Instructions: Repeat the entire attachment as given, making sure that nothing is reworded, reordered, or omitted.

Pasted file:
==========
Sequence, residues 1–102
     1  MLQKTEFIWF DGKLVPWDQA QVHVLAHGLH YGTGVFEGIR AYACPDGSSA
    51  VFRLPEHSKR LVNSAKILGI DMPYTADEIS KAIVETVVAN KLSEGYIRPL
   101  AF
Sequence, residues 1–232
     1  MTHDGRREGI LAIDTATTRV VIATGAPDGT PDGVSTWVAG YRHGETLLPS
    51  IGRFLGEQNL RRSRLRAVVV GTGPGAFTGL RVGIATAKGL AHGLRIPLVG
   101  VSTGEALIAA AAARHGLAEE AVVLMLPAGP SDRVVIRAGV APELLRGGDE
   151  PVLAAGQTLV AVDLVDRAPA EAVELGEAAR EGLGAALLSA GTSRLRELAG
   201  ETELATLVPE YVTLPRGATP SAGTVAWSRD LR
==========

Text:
Sequence, residues 1–102
     1  MLQKTEFIWF DGKLVPWDQA QVHVLAHGLH YGTGVFEGIR AYACPDGSSA
    51  VFRLPEHSKR LVNSAKILGI DMPYTADEIS KAIVETVVAN KLSEGYIRPL
   101  AF
Sequence, residues 1–232
     1  MTHDGRREGI LAIDTATTRV VIATGAPDGT PDGVSTWVAG YRHGETLLPS
    51  IGRFLGEQNL RRSRLRAVVV GTGPGAFTGL RVGIATAKGL AHGLRIPLVG
   101  VSTGEALIAA AAARHGLAEE AVVLMLPAGP SDRVVIRAGV APELLRGGDE
   151  PVLAAGQTLV AVDLVDRAPA EAVELGEAAR EGLGAALLSA GTSRLRELAG
   201  ETELATLVPE YVTLPRGATP SAGTVAWSRD LR